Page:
CoopaCabana at Caju Cottage
With little money, no experience, few tools, and a spirit of cooperation, we set out to build a henhouse and run for the chooks we will get when it's all done. Much as I wanted to use salvaged and scrounged materials, I didn't know how to find that much wood of the same size and didn't have the skills to make do with what I could find. After puzzling over a stack of free--but old and wet and heavy--pallets, we went to our Big Box Home Construction Store and bought some stuff.
Materials (so far!)
--3 pieces of plywood. It was the cheapest stuff that was actually wood. It's called sheathing, which I hoped meant it was suitable for outdoors, and it's 3/8" thick. It was about $12 each.
--2 8' lengths of 2"x2". For the others of you inexperienced in building, these are actually 1.75"x1.75". We used these for the upright parts of the frame.
--I forget how many pieces of 1"X2" we got. It was called "furring" and was the cheapest wood we could find in the store! It also came in 8' lengths.
--We also got some hinges and some screws.
Building the house
We had the good folks at the store cut most of the wood for us (I had it all figured out ahead of time, or so I thought). However, I had initially imagined building it all out of plywood, without the framing, and my calculations on the plywood were based on that. Then we decided to do framing and I calculated those lengths assuming the frame would be the size I'd planned for the house to be. What that meant was that the plywood covers the frame, but doesn't meet on the edges, as I didn't account for the thickness of the plywood.
The first wall frame (minus top piece) laid out on the floor plywood. There are two uprights of 2x2 and a long bottom piece of 1x2.
The complete frames of the two long walls. The bottom pieces stick out further because they will support the nest boxes.
The basic frame attached to the floor.
We added three walls and moved it into the garage as it looked like it was going to start raining in the night. The far wall has the popdoor for the chooks to go out. I don't know if it is too high off the floor. We might have to add a step. A ladder will lead down from the outside. Opposite the popdoor is the opening through which I will reach in to change food and water, clean out the coop, grab the droppings board, etc. The side without any wall yet is where the nest boxes will go.
I painted what we'd done so far with white primer. I thought it would be easier to get the inside done while it's still pretty open. Also, it was rainy and I couldn't really do much else by myself!
Once we put the walls for the run together (see separate "the run" page), we realized that the house wasn't going to fit right, so we disassembled it. We got a new, sturdier piece of plywood for the floor and cut it to fit into two adjacent walls of the run.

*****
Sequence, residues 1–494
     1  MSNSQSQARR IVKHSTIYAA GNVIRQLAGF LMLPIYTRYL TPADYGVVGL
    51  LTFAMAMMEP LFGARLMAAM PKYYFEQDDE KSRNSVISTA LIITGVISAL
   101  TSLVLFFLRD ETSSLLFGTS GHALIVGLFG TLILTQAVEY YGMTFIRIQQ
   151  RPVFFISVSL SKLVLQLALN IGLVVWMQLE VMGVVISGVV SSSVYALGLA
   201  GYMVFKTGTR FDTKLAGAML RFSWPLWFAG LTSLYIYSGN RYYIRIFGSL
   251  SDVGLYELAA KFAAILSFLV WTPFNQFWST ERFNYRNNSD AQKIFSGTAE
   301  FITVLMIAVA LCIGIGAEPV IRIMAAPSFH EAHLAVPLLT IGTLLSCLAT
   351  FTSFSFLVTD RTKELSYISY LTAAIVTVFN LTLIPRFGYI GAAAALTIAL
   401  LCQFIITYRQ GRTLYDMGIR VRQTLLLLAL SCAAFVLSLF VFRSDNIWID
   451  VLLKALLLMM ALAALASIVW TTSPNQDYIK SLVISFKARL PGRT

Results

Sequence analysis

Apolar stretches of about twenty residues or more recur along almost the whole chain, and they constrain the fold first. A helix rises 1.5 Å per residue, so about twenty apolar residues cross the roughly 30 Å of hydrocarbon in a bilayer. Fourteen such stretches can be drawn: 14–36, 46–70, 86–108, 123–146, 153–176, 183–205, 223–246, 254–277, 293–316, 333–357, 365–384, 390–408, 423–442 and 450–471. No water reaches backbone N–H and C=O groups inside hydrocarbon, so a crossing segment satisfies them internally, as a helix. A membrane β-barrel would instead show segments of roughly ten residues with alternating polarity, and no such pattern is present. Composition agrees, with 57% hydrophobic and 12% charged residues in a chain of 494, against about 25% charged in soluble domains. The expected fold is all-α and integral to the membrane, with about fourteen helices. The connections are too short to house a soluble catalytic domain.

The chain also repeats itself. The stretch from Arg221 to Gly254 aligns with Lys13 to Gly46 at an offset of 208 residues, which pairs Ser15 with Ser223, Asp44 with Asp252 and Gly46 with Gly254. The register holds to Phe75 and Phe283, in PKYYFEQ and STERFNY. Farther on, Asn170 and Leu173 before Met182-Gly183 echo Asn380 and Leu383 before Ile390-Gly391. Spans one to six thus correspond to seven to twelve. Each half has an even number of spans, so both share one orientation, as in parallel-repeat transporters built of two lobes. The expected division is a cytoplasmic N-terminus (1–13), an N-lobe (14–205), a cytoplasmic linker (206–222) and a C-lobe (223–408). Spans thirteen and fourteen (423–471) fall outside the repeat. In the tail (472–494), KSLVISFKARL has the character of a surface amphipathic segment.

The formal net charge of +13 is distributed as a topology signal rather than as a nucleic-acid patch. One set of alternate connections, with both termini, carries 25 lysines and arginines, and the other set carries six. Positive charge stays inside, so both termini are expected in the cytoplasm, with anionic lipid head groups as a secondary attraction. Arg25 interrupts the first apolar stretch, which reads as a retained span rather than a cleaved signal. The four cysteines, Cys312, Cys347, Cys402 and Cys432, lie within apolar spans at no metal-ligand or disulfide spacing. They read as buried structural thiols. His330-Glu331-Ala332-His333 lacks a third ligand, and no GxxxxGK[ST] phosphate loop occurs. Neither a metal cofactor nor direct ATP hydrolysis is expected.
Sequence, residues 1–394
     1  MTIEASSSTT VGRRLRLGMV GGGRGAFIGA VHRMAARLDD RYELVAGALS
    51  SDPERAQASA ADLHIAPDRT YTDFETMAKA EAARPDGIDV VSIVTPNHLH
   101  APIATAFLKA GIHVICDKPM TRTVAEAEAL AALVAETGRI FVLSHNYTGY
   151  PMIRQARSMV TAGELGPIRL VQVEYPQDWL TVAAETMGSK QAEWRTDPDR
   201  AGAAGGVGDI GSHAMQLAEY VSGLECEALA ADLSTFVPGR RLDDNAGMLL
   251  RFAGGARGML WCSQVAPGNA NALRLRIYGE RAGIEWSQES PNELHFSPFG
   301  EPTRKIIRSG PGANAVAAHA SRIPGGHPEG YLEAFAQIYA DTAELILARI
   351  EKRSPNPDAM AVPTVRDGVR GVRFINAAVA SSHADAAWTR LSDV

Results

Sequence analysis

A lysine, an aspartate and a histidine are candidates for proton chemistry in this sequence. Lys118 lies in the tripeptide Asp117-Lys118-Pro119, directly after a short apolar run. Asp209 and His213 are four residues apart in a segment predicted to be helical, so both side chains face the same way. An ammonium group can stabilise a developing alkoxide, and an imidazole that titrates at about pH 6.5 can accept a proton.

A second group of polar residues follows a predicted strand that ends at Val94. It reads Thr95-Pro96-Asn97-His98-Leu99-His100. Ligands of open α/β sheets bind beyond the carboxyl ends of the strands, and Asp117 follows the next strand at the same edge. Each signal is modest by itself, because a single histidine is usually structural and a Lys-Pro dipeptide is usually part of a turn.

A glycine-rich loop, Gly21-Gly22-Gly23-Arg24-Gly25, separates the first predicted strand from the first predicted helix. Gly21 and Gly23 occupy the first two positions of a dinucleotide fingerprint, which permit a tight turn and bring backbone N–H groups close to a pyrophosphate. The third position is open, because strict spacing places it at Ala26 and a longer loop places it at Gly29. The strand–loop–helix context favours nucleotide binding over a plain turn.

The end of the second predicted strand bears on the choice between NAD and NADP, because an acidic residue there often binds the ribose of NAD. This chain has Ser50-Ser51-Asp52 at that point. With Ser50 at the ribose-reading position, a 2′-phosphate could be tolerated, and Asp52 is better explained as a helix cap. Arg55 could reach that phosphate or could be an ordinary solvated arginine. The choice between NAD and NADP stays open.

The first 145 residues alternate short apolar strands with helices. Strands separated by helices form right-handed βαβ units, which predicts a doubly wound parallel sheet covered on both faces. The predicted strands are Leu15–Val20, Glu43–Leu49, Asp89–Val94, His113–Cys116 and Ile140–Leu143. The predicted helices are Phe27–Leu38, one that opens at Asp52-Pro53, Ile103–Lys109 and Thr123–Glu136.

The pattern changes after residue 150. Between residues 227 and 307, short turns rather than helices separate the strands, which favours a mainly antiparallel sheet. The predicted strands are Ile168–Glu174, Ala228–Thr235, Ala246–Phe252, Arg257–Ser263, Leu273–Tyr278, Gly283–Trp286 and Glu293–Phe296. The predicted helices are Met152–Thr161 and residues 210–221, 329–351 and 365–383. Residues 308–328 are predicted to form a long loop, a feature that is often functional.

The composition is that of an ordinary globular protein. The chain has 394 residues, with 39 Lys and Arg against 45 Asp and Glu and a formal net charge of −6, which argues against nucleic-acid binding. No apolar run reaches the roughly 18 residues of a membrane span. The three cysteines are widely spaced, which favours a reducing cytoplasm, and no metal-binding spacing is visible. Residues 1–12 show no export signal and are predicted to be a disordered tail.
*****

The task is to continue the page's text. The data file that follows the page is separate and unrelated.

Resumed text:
I got some free linoleum from someone on freecycle.org and I cut the pieces to cover the floor of the house. I have not yet attached them or done anything further on the henhouse.
Here you can see the floor of the house attached to the walls in the corner of the run. You can also see the linoleum that I was patching together from someone else's free scraps!
The henhouse is almost done now.
You can see how the henhouse sits in the corner of the run.
Here's a close-up of the house. The big space in front will have a door on it and the space under the louvered window will be covered.
This is how the house looks from the garden.
Here is the back (pop) door closed.
The henhouse is set up as a brooder right now.
And here are the four chooklets: Finally here!
Recent User Reviews
"Minimal but fairly functional"
- 4/5, 4 out of 5, reviewed Jun 30, 2018
Looks like cost and perhaps weight of the unit was a concern, but I would've loved to see something larger than 1x2s in parts of the structure for extra strength, as coops always end up heavier than first estimated.
Ventilation seems to be adequate for the size of the coop, assuming the louvered window is completely open with only wire mesh behind it. Same goes for the smaller slots near the top of the other sides.
The pop door could possibly use more secure hardware if raccoons are a concern, though a small padlock or even a carabiner could be used to do that.
I don't see mention of a roost. Placing one could be a little difficult in this set up if trying to avoid a draft going past the chicken's heads.